It’s customary for a band with any considerable longevity to go through some ups
and downs. But, when both vocalists for the band die within a two-year span just
prior to the group’s 30th anniversary, it’s beyond an anomaly. Which is exactly the
case for Stone Temple Pilots.
Despite such circumstances, STP has bounced back from the deaths of former front men Scott Weiland and Chester Bennington to release a new album, the first in eight years and the second consecutive self-titled release.
The opener, “Middle of Nowhere” builds up exuberantly in the intro. The verse has the quartet sounding as if nothing has changed in the slightest with Dean DeLeo’s muddy blues-rock tone. New vocalist Jeff Gutt’s efforts are a near-perfect match for the vocal style fans have come to know. It’s sometimes difficult to distinguish between him and Weiland.
Things remain upbeat with “Guilty” a more groove-based tune. Robert DeLeo shines here with his fuzzy bass line.
“Meadow” is the LP’s first single. This one is much more digital sounding than what’s
usual of STP, but it’s still a fine fit among the singles of the past. “Just a Little Lie” is
the most standout track thus far with its psychedelic chorus effects and peculiar guitar solo.
One can only assume that “Six Eight” is titled after the song’s time signature. Gutt displays his melody capabilities atop brash and attention-grabbing instrumentals.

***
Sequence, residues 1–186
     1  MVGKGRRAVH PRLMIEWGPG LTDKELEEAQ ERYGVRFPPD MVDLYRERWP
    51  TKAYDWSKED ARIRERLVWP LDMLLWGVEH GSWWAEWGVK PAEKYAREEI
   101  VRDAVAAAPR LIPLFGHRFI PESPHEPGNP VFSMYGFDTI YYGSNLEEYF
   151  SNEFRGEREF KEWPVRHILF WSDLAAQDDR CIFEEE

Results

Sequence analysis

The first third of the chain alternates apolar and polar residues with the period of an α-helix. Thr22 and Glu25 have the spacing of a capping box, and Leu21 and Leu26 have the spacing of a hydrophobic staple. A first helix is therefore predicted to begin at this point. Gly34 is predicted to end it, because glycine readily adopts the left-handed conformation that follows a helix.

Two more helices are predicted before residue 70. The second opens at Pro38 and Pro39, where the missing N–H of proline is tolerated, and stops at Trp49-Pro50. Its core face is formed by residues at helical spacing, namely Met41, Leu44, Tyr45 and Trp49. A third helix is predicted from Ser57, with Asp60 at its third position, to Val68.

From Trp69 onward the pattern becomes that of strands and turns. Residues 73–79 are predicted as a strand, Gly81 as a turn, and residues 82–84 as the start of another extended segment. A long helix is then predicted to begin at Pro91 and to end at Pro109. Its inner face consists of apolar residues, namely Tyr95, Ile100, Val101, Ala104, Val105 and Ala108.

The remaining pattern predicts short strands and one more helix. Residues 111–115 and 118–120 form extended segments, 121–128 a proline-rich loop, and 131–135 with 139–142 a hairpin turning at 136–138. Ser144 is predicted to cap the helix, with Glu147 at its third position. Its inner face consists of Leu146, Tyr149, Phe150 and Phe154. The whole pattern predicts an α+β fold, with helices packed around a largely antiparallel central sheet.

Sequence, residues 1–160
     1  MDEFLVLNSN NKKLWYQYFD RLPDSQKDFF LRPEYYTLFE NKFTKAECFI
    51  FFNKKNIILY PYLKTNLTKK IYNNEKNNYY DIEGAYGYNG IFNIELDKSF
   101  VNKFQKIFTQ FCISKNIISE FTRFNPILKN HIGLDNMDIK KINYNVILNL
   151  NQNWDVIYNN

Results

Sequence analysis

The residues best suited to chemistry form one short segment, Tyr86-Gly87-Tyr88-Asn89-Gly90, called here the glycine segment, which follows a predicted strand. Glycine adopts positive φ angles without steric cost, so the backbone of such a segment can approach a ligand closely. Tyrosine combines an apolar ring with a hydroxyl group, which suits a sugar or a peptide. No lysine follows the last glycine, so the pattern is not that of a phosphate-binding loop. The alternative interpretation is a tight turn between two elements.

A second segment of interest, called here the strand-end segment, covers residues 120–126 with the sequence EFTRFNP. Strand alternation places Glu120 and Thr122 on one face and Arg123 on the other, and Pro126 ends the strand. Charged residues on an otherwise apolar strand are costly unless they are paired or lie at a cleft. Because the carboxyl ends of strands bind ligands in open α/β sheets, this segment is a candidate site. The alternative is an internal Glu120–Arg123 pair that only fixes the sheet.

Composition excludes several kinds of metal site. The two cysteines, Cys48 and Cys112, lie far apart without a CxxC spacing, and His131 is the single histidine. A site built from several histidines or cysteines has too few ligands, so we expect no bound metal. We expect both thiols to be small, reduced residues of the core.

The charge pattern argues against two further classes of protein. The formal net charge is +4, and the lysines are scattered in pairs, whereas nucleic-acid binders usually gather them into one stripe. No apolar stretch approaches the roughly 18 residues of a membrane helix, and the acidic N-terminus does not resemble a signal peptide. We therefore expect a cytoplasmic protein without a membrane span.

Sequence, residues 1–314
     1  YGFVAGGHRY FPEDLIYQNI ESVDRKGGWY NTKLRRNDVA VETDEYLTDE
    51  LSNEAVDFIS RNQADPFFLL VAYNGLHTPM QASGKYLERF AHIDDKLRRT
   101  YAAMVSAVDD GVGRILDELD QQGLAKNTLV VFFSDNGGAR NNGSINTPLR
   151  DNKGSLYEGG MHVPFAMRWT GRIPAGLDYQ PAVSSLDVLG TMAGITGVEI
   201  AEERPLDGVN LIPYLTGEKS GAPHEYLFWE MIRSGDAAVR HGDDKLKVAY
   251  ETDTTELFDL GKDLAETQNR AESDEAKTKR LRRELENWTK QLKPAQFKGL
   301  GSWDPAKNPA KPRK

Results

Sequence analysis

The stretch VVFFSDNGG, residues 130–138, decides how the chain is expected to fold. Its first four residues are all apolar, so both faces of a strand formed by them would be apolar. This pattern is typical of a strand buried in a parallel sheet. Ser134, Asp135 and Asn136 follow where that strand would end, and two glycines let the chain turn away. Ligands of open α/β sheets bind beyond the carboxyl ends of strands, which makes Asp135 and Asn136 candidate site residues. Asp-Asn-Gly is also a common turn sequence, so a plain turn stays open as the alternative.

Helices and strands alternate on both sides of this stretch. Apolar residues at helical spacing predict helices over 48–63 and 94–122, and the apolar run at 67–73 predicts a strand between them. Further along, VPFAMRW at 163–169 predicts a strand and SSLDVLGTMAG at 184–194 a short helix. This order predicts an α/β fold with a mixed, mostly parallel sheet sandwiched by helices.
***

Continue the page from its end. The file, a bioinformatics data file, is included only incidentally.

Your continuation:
The mood slows for the first time on the album on “Thought She’d Be Mine.” Primarily an acoustic composition, it conveys a vibe that will likely appeal to those with an affinity for surf rock. There’s also a bit of a surprise here as the outro fades out with notes from a xylophone.
“The Art of Letting Go” shows signs of tribute to the fallen band mates. “I hope to see your smile again. But some day’s far too long of a road.” The overall melancholic nature of its composition is telling as well.
The record ends in bipolar fashion with “Reds and Blues” with its dark verses and cheerful choruses.
Overall, there’s little on this LP that could be considered experimental in relation to other STP releases. Dean DeLeo seems to be trying out some different effects in his rig and dynamically speaking, the mix sounds considerably louder this time.
The group doesn’t seem to be focused on a different direction, and that’s perfectly fine. The point of Stone Temple Pilots having a new album is to let fans know they’re still here making the same style of music and for the most part, they’re still the same band.